4 Essential Tips on Bass for Worship Teams


Oftentimes, the quality of a song is driven by a good rhythmic pattern. While listeners get hooked with melody, ambient effects, or creative lead guitar lines, the song’s tightness and dynamics is what makes it fundamentally great. In contemporary music, the only way to achieve this is to have the bass and drums an inseparable pair. Below are some essential tips on how to achieve this as a bass player.

  1. Have an awareness of what the drummer is doing. This does not mean all kick patterns should be followed right down to the tee, but there should be an apparent awareness of what each other is doing. Observe what the groove interplay between the hi-hats, snare and kick drum. As the drummer uses both hands and feet, it is obvious that he/she can have more things going on than a bassist. You need to be aware of them and formulate a game plan on what your groove should be. In some occasions, playing slightly off may produce a unique feel and could unlock a creative atmosphere. Following the kick pattern is always a safe place to start with. As you get comfortable and sure with it, lay in some distinct fills and groove patterns in the repeated sections of the song. Before you finalize, agree with your drummer and so with the rest of the band.
  2. Do not be tentative. Keep your playing intact. Ensure that you pluck your strings cleanly and the notes sound clear. What usually differentiates a professional bassist from an amateur is their boldness of their bass sound and the clarity of their notes. There is no room to be a tentative bassist. The crowd easily feels an unsure bass lines In live occasions, hence, one of your main accountabilities as a bassist is to keep them engaged by not leaving empty spaces in the song.
  3. Know the right tone. This applies to all instruments. But specific to bassists, your tone can either make the band sound professional or novice. If you’re someone who started a band back in elementary or high school in your friend’s garage, you probably could still remember the way you guys sounded like. Most probably, the quality of the bass tone you had would be among other things you could easily point out. So what is a good bass tone? Well, a bass should sound low. This means you cant be clashing with the guitars nor with the keyboard tones. This may also mean learning to properly tweak your eq settings whether on the amplifier or on your bass guitar. Bassists may have varying taste when it comes to tone, but there is a common ground where good ones meet.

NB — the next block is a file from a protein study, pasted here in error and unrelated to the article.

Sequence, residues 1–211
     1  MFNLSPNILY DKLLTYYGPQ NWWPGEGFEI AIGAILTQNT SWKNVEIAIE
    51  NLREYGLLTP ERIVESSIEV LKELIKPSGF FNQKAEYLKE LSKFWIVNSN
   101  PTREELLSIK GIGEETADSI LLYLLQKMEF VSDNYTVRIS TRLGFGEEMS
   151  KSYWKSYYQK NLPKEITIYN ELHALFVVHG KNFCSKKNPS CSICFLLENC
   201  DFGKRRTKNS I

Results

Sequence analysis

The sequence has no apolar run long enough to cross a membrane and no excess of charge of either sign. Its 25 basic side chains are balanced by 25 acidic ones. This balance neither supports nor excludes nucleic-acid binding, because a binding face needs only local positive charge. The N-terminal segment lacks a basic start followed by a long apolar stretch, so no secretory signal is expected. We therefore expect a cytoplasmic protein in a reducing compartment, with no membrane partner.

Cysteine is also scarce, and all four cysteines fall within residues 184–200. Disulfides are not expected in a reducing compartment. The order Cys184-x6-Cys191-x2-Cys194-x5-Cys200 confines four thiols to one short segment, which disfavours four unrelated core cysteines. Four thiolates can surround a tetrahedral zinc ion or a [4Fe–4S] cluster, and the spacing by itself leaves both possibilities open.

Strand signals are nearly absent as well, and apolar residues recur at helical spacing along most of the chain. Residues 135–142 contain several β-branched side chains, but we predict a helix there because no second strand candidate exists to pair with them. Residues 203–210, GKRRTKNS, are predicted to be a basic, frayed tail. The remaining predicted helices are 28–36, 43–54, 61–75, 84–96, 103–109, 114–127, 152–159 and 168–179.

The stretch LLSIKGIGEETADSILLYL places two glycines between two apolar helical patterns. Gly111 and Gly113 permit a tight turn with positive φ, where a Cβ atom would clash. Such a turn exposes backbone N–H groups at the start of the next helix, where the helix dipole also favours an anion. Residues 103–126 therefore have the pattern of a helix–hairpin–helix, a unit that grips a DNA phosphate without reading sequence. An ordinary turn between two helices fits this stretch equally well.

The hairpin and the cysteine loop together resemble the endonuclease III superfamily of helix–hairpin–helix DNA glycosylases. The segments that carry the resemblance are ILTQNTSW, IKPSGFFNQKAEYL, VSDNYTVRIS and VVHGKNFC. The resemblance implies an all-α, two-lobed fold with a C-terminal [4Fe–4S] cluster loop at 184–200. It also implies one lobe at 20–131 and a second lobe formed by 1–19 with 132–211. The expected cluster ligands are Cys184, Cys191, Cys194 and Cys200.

4. Observe dynamics. As a bassist, you are the drummer’s co-pilot in driving the dynamics of the song. Be sensitive about how your intensity is affecting the mood of the audience. A good start is to understand the sections of the song. Normally, the second or third choruses should be the loudest. In some songs, there are bridge parts that have more energy and hence require added intensity. Some may have a down chorus or a down bridge, wherein you can have a window to play high on the neck for a short period of time. Learn to utilize your volume knob as a tool to fade in / out or create a swell. You can also use your bass guitar equalizer to emphasize certain frequencies on certain parts of the song. Think as if you are taking the listener for a ride where you don’t always jumpstart at full speed.

Hope these tips help you become a better musician. Remember, it’s good to enjoy while
playing, and it feels better to see people around you enjoy as you continue to develop
awareness of what you is doing.

Blog by Kim Ramos

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